Katja, with her two children and husband, has lived in Australia, India and Mexico and traveled to Sri Lanka, Nepal, New Zealand, Fiji, the U.S. and much of Europe. Katja has written across a range of titles for Lonely Planet and has tried and tested luxury hotels for the British boutique hotel guide Mr & Mrs Smith.

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Mohit (Mohit Arts)

The Agony : Everything comes with both pros and cons and India is not left untouched with the fact. The most disappointing thing while in India is to see people loitering around all over. Though  some have got the senses to keep their surroundings clean but still a far way to go.I have even seen that even though there are bins provided on the street at an appropriate distance, people still tend to throw it the very moment they feel like and don’t want to make efforts to hold the garbage and walk a bit until they find the bin which is just a little ahead.

Golden temple #renovation #outside area #facelifts #amritsar2016 #mohitarts

A photo posted by Mohit Agarwal (@mohitarts) on

The Ecstasy : The best thing I like about India is it’s diversity in food. I am a food lover and that’s the reason why I love this country. No matter where you are the place would have its own specialty that one cannot afford to miss. For instance, Dhokla in Gujarat, Petha in Agra, Vada Pao in Mumbai, Kerala’s Idli Dosa and not to miss Punjab di Sarson Ka Saag and countless. No matter what kind of taste you have, you will find all you want.

Foggy morning at Visco Resort #mandi #himachaltravel #foggy #morning #viscoresortsmandi #mohitarts

A photo posted by Mohit Agarwal (@mohitarts) on

Mohit is an avid traveler and photographer by passion and a civil engineer by profession, looking forward to learn from the what the world has to give to each one of us. His most favorite locations are those filled with natural beauty.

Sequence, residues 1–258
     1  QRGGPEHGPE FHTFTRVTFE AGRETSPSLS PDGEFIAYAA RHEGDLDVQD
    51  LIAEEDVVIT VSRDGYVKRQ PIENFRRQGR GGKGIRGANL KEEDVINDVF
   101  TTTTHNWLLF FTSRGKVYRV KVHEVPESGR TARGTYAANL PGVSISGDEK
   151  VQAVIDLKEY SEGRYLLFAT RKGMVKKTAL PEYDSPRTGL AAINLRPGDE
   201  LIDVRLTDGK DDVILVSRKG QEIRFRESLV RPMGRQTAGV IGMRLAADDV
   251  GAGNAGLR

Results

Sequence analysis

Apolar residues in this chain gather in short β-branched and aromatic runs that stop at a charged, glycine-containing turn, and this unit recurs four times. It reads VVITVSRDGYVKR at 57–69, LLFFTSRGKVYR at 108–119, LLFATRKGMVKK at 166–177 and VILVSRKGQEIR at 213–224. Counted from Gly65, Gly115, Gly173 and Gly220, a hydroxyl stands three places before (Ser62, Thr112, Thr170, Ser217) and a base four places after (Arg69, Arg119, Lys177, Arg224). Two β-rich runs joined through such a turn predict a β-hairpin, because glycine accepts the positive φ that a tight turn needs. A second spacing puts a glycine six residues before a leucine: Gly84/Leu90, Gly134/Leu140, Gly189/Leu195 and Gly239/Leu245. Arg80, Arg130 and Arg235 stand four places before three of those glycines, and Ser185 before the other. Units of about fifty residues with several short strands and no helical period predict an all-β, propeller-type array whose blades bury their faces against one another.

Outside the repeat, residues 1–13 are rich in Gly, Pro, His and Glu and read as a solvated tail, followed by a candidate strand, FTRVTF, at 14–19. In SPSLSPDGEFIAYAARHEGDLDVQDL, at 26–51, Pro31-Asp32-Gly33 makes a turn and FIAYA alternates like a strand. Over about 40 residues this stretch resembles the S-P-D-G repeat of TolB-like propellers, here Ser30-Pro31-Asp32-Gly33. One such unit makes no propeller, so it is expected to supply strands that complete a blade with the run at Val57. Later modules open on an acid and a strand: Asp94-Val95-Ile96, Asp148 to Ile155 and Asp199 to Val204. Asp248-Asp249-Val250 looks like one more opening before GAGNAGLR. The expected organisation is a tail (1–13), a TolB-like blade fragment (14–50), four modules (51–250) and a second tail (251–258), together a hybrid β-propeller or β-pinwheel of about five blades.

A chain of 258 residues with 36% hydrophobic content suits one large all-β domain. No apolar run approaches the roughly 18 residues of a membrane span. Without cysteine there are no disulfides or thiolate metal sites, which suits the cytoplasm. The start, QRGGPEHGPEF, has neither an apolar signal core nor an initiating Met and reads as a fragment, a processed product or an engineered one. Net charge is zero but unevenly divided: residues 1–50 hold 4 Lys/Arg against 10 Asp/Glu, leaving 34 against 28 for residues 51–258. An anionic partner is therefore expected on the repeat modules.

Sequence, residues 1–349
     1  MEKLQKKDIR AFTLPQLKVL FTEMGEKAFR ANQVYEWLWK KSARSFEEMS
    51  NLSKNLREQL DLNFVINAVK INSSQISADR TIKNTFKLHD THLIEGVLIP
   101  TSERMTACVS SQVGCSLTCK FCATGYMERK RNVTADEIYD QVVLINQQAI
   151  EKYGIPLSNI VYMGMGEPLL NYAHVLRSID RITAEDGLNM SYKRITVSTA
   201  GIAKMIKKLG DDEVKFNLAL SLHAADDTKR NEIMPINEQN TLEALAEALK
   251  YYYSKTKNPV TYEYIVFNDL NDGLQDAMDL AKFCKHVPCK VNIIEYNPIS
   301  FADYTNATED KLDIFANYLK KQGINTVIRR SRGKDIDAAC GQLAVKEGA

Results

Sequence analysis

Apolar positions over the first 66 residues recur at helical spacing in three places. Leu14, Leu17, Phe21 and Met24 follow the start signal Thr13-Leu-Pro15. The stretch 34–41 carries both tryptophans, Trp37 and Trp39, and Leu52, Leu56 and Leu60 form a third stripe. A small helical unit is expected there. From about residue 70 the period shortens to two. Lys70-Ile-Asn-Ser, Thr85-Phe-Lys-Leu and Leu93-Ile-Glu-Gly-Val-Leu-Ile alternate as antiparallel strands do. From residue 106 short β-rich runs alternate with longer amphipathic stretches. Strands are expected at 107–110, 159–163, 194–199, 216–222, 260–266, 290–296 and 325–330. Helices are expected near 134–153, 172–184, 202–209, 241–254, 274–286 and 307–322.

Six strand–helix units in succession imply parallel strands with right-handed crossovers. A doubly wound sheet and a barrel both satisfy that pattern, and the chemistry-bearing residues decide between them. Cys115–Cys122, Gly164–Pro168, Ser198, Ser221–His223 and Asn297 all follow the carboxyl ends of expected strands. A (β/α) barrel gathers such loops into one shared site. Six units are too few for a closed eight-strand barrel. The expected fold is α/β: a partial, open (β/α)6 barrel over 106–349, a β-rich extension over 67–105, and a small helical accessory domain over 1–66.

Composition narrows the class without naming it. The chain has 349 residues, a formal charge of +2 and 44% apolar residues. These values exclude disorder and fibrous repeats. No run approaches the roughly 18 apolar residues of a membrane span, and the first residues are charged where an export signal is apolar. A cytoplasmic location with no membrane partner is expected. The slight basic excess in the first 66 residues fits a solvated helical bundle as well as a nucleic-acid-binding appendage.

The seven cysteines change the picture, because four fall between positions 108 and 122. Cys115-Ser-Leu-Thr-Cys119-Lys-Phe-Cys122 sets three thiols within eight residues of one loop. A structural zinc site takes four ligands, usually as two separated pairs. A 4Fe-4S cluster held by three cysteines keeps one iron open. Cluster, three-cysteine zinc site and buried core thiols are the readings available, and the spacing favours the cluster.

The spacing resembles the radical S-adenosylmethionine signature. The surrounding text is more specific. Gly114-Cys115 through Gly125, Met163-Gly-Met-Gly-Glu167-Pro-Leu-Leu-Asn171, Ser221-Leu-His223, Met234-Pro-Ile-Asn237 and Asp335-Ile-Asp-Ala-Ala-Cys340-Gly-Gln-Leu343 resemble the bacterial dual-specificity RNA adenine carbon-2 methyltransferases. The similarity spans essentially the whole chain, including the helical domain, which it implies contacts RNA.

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Read the second part of the series here.


(If anyone has similar Indian stories to share for this collab series, please send them right-away to or leave your email IDs in the comments and I will get back to you.)


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83 thoughts on “Indian Diaries : The Agony and The Ecstasy – 1

  1. India is such a country of contrast that you’re bound to find everyone has a different opinion. I’m not a fan of the ‘lets rip of tourists’ mentality that exists in a lot of countries, but understand it’s just one of the things you accept when decided to visit somewhere where it is common practice. The highs you get on the flip side of everyone’s own personal negatives are always worth it.

  2. Nice analogy. I love the way foreigners look at our country… with some hope, dreams and sadness.
    Love it or hate it. it’s going to remain the same. 🙂

  3. I love the title…The Agony and the Ecstasy. There will always be two faces of every place but in India, they can be at extreme ends. That’s why I have not gone. I don’t like the extreme agony!

  4. It seems people either love India and can’t get enough of it or they prefer to stay away. India is one of those places that can be confronting and going there forces you out of your comfort zone.

    1. Now that I have had the time to review your post in more detail, I would also love to go to Leh in Ladakh. It looks lie a mysterious and culture place at the top of the world.

  5. This is interesting to me as I have never been to India, and I find the contrasts intriguing. For me, I can think of few places that seem so vastly different from Canada, than this area of the world, but I think it only fair to judge for oneself. I think no matter the destination, there will always be positive and negative experience. Without both we cannot truly appreciate the heart of a country or a city.